Congressman discusses spending, war

He’s an author and a bluegrass band harmonica player – and he also happens to be a key decision maker for government spending.

Wisconsin Congressman Dave Obey, chairman of the House Appropriations Committee, spoke to students and members of the political science department Thursday night at the Whitten Learning Center. Obey’s discussion focused on spending and money.

“When I ran [for Congress] I spent $45,000 to get elected. Now some people are spending six or seven million dollars to get elected,” Obey said. “Money is much more dominant [now].”

Obey, a Democrat, has been a member of Congress for the last 38 years, while serving on the House Appropriations Committee since 1994. The committee is one of the most powerful in Congress, as it sets the government’s expenditures every year and decides which parts of the president’s proposed budget get passed.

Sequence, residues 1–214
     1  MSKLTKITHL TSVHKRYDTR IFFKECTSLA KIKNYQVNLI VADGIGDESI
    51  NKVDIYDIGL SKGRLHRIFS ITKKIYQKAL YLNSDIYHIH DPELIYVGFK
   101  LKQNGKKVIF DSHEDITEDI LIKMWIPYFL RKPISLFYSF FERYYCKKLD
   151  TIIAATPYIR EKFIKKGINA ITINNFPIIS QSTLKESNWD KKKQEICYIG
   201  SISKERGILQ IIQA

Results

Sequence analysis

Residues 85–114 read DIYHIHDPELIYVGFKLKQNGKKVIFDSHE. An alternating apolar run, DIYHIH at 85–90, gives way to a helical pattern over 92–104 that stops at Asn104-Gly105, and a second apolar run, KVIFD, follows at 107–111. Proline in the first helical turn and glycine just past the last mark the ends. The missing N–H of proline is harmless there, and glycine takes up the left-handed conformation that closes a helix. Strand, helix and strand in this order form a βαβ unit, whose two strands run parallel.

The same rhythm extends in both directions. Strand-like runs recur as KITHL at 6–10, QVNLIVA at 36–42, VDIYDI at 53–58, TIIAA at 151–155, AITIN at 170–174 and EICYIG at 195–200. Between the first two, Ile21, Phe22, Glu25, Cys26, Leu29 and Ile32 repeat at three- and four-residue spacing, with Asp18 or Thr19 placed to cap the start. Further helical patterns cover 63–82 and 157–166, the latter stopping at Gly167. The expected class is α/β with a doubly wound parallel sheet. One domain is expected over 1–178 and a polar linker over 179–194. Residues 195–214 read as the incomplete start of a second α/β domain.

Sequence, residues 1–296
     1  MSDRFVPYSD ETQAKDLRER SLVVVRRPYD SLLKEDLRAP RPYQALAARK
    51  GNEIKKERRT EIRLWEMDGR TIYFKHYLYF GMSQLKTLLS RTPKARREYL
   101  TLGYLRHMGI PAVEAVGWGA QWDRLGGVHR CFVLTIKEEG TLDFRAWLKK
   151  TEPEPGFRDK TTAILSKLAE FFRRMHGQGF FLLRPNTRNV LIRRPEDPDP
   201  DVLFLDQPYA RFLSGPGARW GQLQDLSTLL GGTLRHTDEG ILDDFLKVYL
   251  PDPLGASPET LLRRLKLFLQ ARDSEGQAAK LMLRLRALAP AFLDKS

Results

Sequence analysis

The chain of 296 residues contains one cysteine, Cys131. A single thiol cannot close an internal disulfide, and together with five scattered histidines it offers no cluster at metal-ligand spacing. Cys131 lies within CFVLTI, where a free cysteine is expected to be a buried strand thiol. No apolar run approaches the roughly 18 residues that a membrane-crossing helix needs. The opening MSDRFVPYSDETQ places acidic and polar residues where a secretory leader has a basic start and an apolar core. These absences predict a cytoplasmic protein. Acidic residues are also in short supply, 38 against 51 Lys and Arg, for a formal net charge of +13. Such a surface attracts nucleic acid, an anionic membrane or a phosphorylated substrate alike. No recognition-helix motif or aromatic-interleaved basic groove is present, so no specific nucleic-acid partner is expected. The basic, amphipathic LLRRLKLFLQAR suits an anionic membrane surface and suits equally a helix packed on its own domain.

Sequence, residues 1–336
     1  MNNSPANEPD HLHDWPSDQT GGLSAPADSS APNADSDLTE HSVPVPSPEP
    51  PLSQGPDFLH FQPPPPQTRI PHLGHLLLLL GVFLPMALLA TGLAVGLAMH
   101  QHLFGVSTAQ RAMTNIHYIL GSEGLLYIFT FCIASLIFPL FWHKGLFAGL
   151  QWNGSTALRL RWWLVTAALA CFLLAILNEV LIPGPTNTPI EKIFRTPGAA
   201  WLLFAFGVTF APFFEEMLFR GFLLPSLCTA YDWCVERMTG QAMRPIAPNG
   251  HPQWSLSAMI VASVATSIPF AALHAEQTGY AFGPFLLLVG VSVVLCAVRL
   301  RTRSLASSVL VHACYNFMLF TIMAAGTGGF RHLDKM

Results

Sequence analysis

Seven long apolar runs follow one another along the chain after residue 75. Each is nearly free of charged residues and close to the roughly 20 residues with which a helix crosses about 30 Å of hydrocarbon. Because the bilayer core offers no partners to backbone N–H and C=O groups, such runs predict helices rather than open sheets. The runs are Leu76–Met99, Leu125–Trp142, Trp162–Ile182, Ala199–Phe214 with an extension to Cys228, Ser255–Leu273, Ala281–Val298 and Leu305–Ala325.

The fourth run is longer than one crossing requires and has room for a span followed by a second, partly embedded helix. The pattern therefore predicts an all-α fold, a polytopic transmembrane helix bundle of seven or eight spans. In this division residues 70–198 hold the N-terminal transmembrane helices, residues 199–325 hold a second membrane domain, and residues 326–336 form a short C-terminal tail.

Obey stressed the committee’s importance by citing examples from this year’s budget that affected college students.

“If our budget [didn’t pass], the only financial assistance [college students] would have would be Pell Grants and work study,” Obey said.

Besides money talk, Obey also expressed his contempt for the Iraq War, which he called “the dumbest war we’ve been in since the War of 1812.” Obey voted against the Persian Gulf War as well as the Iraq War.

Obey, who originally planned to teach Russian politics before becoming a member of the legislative branch, initiated last Thursday’s lecture.

“He actually called us,” said Michael Abrams, professor of political science, whose class hosted the representative’s presentation.

After answering questions from the students, Obey ended his visit by signing copies of his book, Raising Hell for Justice.

“I think he did a very good job of covering a wide variety of issues,” Andrew Jacobs, a senior, said. “I felt the most important point isn’t that we’re spending too much, it’s that we’re spending it in the wrong places.”

Other students shared a similar sentiment.

“I’m actually glad there’s people like him in Congress,” Andres Avellaneda, a junior, said. “It gives me faith in democracy.”

Felipe A. Yanez may be contacted at